Researchers have used various approaches and data sources to predict novel drug interactions [7]. These approaches include extracting DDI statements from medical texts and drug event reports [34], inferring DDI mechanism [35] by integrating knowledge from several sources and using network proximities [36]. Previous studies regarding prediction of DDIs have tried to summarize the related works under various taxonomic classifications such as similarity-based and classification-based, similarity-based and feature-based [12, 30]. These taxonomic classifications do not sufficiently explain the distinctions between approaches. We classify the studies under memory-based and model-based approaches on basis of the taxonomic classification of the Recommender Systems [30, 37]. The memory-based approach relies on loading similarity scores into memory and recommending directly (most similar neighbors) based on this data. With the model-based approach, a model is derived from data and a recommendation is yielded by this model.

Memory-based approaches predict a candidate drug pair based on its most similar known drug pairs. Finding well-known interacting drugs that are very similar to a drug pair provides evidence to support an interaction between these candidate drugs. Some of these methods are described below:

Ferdousi et al. [38] used carriers, transporters, enzymes and targets (CTET) from the DrugBank database to predict DDIs. In this study, 2189 approved drugs, 45,530 known drug interactions, and 2,349,236 unknown drug pairs were investigated. To determine DDIs, they collected all CTETs associated with each drug and formed binary vectors. They then aimed to identify DDIs by applying many similarity methods to these combined vectors. They subsequently predicted more than 250,000 potential new DDIs using inner product-based similarity measures (IPSMs) from these similarity methods. To train the final classifier, they used 2004 features.

Vilar et al. [13] developed a method based on the molecular structural similarities of drugs. In this study, 928 drugs and 9454 DDI were collected from DrugBank v3.0, from which the interactions were used as a reference data. The drug-drug similarity was created through a combination of DrugBank DDIs and molecular fingerprint modeling. The similarity of the drug pairs was calculated based on the Tanimoto coefficient and molecular fingerprints.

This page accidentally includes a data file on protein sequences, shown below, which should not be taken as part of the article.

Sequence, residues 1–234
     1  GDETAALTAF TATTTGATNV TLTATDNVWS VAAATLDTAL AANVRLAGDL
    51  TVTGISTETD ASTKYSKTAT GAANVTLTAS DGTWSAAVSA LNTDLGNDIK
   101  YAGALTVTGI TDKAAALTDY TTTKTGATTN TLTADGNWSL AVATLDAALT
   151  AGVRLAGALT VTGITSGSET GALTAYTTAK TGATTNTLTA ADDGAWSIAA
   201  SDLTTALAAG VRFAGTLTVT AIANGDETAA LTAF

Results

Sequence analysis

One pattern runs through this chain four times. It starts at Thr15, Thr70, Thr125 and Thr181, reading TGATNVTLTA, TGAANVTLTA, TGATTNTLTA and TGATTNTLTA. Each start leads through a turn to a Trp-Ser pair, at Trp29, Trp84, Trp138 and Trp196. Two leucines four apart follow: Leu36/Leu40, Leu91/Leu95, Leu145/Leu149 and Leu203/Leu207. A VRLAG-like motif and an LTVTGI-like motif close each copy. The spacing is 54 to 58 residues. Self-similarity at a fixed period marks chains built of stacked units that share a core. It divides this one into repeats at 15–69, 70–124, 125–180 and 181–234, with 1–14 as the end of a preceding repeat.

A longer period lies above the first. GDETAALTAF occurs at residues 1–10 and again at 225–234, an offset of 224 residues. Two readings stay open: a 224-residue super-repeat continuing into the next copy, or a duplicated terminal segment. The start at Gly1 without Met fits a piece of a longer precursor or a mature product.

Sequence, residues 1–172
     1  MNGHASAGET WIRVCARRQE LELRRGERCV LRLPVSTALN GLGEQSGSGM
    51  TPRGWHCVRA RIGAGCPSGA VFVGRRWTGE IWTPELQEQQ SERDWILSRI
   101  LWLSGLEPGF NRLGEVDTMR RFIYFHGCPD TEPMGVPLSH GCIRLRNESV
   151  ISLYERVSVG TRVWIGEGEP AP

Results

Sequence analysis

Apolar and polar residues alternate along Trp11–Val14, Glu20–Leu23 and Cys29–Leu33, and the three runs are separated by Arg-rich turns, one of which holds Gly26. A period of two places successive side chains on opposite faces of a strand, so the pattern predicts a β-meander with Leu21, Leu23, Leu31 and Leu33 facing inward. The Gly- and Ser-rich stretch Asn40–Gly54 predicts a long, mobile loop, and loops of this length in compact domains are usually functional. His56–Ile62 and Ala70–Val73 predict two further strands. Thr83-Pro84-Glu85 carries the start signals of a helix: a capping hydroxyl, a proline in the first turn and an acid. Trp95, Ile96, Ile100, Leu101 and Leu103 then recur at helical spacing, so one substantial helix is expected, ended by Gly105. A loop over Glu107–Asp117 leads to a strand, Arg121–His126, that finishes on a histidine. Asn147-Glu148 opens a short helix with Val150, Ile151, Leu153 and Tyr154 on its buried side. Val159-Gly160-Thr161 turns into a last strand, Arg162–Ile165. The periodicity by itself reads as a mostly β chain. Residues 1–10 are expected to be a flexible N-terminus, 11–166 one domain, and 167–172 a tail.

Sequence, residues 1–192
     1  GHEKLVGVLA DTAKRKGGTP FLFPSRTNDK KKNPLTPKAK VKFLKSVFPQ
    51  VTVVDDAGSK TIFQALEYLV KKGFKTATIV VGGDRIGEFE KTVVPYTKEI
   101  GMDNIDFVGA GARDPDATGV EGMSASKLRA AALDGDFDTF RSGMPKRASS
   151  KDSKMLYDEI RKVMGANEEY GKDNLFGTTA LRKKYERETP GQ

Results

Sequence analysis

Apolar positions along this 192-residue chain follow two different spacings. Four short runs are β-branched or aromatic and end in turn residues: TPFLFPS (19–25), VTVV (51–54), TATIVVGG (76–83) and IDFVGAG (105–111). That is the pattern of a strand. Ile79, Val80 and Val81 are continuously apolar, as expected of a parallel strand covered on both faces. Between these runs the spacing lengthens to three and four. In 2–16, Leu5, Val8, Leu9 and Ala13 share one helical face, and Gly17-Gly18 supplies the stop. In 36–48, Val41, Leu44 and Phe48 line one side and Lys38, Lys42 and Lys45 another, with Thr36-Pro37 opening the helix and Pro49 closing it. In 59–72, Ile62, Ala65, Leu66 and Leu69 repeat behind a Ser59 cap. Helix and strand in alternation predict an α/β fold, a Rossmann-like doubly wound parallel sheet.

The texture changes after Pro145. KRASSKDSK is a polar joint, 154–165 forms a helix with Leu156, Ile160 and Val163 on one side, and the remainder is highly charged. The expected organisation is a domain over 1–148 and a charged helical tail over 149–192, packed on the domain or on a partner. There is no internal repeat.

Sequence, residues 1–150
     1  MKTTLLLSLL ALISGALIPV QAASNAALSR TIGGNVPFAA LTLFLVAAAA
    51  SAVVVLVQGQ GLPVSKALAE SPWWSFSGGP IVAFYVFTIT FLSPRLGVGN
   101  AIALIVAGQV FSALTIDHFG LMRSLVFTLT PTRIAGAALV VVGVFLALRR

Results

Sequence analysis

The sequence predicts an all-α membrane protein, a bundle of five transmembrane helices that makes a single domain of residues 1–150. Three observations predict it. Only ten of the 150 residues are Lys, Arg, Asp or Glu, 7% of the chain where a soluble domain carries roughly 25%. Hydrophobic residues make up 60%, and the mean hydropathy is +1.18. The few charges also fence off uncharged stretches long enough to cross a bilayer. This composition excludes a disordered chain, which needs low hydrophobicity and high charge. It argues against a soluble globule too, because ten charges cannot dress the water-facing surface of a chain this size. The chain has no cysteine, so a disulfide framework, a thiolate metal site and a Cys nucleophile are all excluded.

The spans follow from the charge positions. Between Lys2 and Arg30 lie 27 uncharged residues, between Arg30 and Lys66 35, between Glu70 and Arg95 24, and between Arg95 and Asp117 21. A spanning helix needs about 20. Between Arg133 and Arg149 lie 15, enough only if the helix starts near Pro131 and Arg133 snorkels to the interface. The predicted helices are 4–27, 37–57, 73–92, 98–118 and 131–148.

Shi et al. [39] proposes a matrix factorization model to predict enhancive (positive) and degressive (negative) drug drug interactions (DDIs) using drug binding proteins as a feature. They try to find balanced/unbalanced drug communities on the network of enhancing and depressive DDIs and predict DDIs for the cold-start scenario.

The most commonly used features for model-based approaches were pharmacological similarities [40]. Gottlieb et al. [11], by using different drug similarity metrics, developed a new prediction framework called INDI. INDI trained a logistic classifier using 7 similarities, also using them to calculate their maximum likelihood by using known DDIs. Cheng et al. [14] presented the HNAI framework for predicting drug interactions using phenotypic, therapeutic, structural, and genomic similarities of drugs. Cami et al. [36] have trained a logistic classifier by extracting the pharmacological and graph/network qualities between drugs. Zhang et al. [41] used a label propagation method on drug chemical infrastructure, drug side effect and drug off-side effects. Li et al. [42] have developed a Bayesian network that combines drug molecular similarity and drug phenotypic (side effect) similarity to predict the combination effect of drugs. Zhang et al. [12] collects a variety of drug data and thus predicts DDIs by integrating chemical, biological, phenotypic and network data. The work by Shi et al. [43] is focused on predicting synergistic drug combination rather than drug-drug interactions using only positive relationships with one-class SVM. In [44], the authors integrate four drug features, chemical substructures, targets, enzymes and pathways, by mapping drugs in different feature spaces into the common interaction space through sparse feature learning. Then, the linear neighborhood regularization is used to describe drug–drug relations in the interaction space by using known drug–drug interactions.

There are also other works which use feature vectors as input to machine learning methods. Luo et al. [45] proposed a 611 feature vector method based on molecular structure. Later, the logistic model was trained with these feature vectors to find potential DDIs for 2515 drug molecules.

Abdelaziz et al. [30] presented Tiresias, a similarity-based framework for predicting DDIs. They used 1014 features derived from pharmacological similarities and from drug text and similarity based on the knowledge graph embeddings (TransH and HolE). Each feature represents the similarity value of the known interacting drug pair to the most similar drug pair. An integrated knowledge base consisting of DrugBank, UMLS, DailyMed, Uniprot and CTD datasets was created as an RDF data network and this integrated information network includes entities such as enzymes, chemical structures and pathways, drug properties and relationships. This knowledge graph was used to calculate the global similarity measure between drugs. Precision, recall, F-score and AUPR were used as evaluation criteria.